According to a release, experts trained in a rigorous sensory analysis process have been testing Gulf seafood for the presence of contaminants, and every seafood sample from reopened waters has passed sensory testing for contamination with oil and dispersant. Nonetheless, to ensure consumers have total confidence in the safety of seafood being harvested from the Gulf, NOAA and FDA have added this second test for dispersant when considering reopening Gulf waters to fishing. The new test detects dioctyl sodium sulfosuccinate, known as DOSS, a major component of the dispersants used in the Gulf. DOSS is also approved by FDA for use in various household products and over-the-counter medication at very low levels. The best scientific data to date indicates that DOSS does not build up in fish tissues.
Jane Lubchenco, Ph.D., under secretary for commerce and NOAA administrator said, "The rigorous testing we have done from the very beginning gives us confidence in the safety of seafood being brought to market from the Gulf. This test adds another layer of information, reinforcing our findings to date that seafood from the Gulf remains safe." Margaret Hamburg, Ph.D., FDA commissioner said, "This new test should help strengthen consumer confidence in Gulf seafood. The overwhelming majority of the seafood tested shows no detectable residue, and not one of the samples shows a residue level that would be harmful for humans. There is no question Gulf seafood coming to market is safe from oil or dispersant residue."
The 1,735 samples tested so far were collected from June to September and cover a wide area of the Gulf. The samples come from open areas in state and Federal waters, and from fishermen who brought fish to the docks at the request of federal seafood analysts. The samples come from a range of species, including grouper, tuna, wahoo, swordfish, gray snapper, butterfish, red drum, croaker, and shrimp, crabs and oysters. Nearly 9,444 square miles, or about 4 percent of the federal waters in the Gulf are still closed to commercial and recreational fishing.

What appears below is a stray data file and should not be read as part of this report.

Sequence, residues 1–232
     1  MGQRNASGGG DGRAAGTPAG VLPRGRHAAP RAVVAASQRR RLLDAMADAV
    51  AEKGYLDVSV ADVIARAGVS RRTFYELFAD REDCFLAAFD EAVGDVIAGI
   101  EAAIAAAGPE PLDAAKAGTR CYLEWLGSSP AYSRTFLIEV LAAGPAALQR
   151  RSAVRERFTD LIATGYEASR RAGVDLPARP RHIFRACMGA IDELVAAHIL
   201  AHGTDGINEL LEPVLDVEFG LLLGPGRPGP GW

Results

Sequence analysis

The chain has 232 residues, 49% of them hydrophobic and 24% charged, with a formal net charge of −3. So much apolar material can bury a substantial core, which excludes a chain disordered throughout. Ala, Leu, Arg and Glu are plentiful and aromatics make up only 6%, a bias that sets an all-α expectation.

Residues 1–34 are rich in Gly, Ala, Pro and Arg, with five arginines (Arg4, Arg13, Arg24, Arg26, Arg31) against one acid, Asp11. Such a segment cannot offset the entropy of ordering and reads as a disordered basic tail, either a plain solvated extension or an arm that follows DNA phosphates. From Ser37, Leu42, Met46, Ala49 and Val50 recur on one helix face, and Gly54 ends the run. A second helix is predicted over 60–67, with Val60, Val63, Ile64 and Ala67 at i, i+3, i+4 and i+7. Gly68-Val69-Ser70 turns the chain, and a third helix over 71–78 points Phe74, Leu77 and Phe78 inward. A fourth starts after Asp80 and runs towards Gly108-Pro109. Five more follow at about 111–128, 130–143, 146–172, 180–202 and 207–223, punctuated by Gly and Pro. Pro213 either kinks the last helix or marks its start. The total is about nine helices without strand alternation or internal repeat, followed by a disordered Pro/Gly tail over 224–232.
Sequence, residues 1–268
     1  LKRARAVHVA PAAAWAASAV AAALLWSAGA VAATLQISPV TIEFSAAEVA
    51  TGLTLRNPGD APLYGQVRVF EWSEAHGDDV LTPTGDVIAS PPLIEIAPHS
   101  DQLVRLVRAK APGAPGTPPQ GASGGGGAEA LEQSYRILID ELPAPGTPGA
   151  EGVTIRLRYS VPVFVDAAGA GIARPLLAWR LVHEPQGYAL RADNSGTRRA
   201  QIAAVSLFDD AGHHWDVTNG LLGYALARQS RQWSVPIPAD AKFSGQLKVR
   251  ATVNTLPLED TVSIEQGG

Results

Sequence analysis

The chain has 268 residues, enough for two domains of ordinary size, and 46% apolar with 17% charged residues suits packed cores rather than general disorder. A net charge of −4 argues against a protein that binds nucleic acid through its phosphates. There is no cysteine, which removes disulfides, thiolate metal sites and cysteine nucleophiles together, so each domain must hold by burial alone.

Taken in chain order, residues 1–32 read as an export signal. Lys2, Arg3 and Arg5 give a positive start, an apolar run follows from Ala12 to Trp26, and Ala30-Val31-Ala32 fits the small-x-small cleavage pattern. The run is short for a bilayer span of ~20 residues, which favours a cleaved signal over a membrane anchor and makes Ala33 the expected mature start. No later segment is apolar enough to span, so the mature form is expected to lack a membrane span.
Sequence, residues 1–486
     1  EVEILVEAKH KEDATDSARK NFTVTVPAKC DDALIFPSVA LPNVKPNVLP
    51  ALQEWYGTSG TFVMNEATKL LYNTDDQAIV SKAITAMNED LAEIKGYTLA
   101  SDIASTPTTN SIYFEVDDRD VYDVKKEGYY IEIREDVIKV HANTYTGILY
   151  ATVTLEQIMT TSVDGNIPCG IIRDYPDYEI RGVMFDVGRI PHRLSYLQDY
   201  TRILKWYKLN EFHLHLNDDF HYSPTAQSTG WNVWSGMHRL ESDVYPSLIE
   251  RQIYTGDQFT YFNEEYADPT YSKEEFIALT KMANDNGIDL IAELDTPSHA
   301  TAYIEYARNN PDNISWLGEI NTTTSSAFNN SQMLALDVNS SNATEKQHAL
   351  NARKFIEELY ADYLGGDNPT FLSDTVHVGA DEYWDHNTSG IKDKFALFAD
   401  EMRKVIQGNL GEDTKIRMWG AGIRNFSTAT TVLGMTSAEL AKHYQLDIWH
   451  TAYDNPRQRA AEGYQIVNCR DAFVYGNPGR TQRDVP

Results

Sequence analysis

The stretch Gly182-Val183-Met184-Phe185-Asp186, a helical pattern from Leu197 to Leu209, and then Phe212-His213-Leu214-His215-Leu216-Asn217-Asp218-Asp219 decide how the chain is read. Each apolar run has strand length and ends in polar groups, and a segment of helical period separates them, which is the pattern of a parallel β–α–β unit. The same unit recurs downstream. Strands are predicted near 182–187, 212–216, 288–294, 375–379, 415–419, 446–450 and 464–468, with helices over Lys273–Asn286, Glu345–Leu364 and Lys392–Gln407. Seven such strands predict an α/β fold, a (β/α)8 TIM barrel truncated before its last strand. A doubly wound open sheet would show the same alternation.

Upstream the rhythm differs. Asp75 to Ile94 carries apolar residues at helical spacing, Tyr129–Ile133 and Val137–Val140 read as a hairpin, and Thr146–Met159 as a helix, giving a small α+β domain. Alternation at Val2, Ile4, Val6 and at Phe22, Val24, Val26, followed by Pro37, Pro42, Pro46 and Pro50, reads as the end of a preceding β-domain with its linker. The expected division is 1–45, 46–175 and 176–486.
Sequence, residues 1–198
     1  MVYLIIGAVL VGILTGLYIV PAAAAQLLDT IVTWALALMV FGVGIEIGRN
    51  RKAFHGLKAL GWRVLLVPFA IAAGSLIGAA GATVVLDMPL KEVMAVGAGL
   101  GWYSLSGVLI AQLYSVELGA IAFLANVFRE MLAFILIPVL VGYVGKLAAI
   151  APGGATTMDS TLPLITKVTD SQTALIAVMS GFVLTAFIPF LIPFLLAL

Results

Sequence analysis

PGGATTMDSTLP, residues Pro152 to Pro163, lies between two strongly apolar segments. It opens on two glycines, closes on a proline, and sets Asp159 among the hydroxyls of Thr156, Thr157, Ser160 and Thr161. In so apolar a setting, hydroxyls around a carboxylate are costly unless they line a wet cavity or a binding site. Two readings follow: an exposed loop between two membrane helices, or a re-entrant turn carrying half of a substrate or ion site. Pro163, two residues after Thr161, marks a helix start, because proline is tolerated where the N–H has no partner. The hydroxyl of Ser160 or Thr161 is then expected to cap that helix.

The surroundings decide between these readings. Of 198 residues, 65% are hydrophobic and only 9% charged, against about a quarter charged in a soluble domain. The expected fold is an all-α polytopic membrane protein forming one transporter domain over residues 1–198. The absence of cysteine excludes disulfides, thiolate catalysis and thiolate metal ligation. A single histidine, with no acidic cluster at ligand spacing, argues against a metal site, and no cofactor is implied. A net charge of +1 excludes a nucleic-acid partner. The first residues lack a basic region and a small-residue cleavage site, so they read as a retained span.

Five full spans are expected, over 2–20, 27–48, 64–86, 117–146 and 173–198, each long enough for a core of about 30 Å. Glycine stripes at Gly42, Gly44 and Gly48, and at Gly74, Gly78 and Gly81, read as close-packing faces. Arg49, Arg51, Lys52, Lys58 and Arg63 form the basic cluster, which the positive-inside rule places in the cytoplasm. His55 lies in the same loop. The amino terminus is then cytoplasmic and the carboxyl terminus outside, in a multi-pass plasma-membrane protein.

Previous research provided information about how finfish metabolize DOSS, and at FDA's Dauphin Island, Alabama lab, scientists undertook further exposure experiments on fish, oysters and crab; similar experiments on shrimp were held at NOAA's Galveston, Texas lab. These exposure studies further support that fish, crustaceans and shellfish quickly clear dispersant from their tissues, and provided samples with known concentrations for use as standards for validating the methodology. Samples undergoing chemical analysis are always accompanied by standards with known concentrations of DOSS, to verify the equipment continues to measure the compound accurately.
Access a release from the agencies (click here).